Christmas Traditions

December 15, 2020

This week as I pondered on Christmas traditions passed down in my family, I remembered a joke about the new bride who was preparing a ham for the oven for their dinner. Before putting the small ham in a large pan, she sliced the ham in half. When her husband asked why, she replied, “Because that’s what Mom always did!”

Traditions are manifestations of our cultures. They give us a sense of who we are, what group we belong to. As a child in my family, we opened gifts on Christmas Eve after a meal of ham and lutefisk, lefse, mashed potatoes, white Nodland gravy, and bowls of vegetables from the garden. And pie. Often cherry because that was Mickey’s (the youngest child) favorite!

When my own children were young, both their dad and I brought our Christmas traditions into our new family. For example, his Irish mom always made oyster stew for Christmas Eve supper. Our two young children simply could not eat the oysters. So Irish Grandma Pearl lovingly wrapped a hot dog with my Norwegian lefse and then poured the Irish stew milk broth into their drinking cups! A new tradition was born!

Every tradition has a backstory. Here are some Christmas traditions and how they originally came to be:

Candy canes came from Germany in the late 1600s when a choirmaster at a cathedral handed out “sugar sticks” to the young singers to keep them quiet during a Christmas presentation/ceremony.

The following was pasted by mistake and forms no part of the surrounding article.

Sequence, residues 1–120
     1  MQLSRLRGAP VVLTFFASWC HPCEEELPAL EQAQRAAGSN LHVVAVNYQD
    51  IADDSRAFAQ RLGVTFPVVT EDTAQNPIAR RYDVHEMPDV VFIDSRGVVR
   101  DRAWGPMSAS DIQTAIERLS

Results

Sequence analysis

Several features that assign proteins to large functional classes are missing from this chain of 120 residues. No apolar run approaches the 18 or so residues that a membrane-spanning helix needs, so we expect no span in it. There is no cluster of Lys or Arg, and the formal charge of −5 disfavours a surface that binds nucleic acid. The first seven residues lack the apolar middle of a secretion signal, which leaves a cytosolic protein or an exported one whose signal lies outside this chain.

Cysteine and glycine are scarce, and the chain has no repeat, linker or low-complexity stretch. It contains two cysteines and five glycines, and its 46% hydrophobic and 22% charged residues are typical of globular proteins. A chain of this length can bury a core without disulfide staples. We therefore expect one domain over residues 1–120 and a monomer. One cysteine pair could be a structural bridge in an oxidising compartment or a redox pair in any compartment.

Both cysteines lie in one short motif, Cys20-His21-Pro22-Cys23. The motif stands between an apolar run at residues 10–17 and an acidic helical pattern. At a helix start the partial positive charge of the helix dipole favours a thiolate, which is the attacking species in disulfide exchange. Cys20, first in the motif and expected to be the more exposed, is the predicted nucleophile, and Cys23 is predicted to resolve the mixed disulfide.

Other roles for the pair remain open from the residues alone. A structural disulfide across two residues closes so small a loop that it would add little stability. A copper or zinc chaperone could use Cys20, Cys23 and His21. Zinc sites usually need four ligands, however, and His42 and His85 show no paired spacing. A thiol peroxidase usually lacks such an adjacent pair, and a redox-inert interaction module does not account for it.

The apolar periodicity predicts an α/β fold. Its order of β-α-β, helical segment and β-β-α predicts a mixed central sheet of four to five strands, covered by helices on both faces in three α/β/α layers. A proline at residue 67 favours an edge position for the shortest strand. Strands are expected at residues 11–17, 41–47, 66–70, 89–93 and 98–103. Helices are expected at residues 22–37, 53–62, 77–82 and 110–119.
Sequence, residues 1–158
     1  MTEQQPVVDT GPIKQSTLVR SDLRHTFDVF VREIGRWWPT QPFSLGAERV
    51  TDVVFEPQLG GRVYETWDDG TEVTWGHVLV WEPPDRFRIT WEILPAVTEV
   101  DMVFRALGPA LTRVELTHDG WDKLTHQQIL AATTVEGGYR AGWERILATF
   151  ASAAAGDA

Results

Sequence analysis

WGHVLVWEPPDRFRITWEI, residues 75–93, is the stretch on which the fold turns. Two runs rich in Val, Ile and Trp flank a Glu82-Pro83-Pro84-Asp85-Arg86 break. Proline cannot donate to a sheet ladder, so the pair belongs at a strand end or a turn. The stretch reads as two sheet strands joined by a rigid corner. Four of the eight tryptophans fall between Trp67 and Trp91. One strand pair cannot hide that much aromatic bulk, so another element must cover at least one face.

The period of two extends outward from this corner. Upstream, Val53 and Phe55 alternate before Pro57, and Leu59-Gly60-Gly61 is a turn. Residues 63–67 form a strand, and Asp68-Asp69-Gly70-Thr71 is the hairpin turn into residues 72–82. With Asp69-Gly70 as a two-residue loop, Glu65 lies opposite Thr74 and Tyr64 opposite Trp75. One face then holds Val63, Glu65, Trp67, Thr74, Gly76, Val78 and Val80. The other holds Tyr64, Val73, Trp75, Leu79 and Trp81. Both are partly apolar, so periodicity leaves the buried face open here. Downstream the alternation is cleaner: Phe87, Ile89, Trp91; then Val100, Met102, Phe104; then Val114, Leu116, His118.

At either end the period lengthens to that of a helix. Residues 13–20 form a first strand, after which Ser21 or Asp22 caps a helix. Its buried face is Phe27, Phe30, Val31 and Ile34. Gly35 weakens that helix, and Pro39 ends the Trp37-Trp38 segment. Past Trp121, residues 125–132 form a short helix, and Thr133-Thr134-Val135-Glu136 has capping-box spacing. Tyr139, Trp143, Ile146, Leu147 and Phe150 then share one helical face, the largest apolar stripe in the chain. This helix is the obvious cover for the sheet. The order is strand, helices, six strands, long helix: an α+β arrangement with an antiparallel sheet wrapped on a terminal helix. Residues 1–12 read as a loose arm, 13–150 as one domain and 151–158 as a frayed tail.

The legend of Santa Claus can be traced back hundreds of years to a monk named St. Nicholas. Nicholas was born around 280 A.D. in modern-day Turkey. Over many years, Nicholas’s popularity spread, and he became known as the protector of children and sailors. His parents died when he was very young, and Nicholas used his inheritance to help those who were ill and/or dealt with poverty.

It was the Germans in the 1500s who began the Christmas tree tradition when Christians cut and brought live trees into their homes and decorated them.  Many believe that Martin Luther, the Protestant reformer, first added lighted candles to a tree.

Kissing under mistletoe probably began with the Celtic Druids of the 1st century A.D. Mistletoe (from willow, apple, and oak trees) can blossom even during winter time, so it came to be a sacred symbol of vivacity. The Druids gave it to both humans and animals, believing it could restore fertility.  The Druids also believed it possessed mystical powers that bring good luck and keep away evil spirits. Someone then declared it a symbol of love and vowed to plant a kiss on all those who passed beneath it.

Poinsettia plants are native to Central America, and particularly an area in southern Mexico known as ‘Taxco del Alarcon’ where they flower during the winter. They are also found in wild indeciduous tropical forests at moderate elevations down the entire Pacific coast of Mexico to Guatemala. They are also found in Mexico’s interior in the hot, seasonally dry forests. The ancient Aztecs believed they were symbols of purity. Today they symbolize good cheer and success, thus bringing us wishes of joy and celebration.

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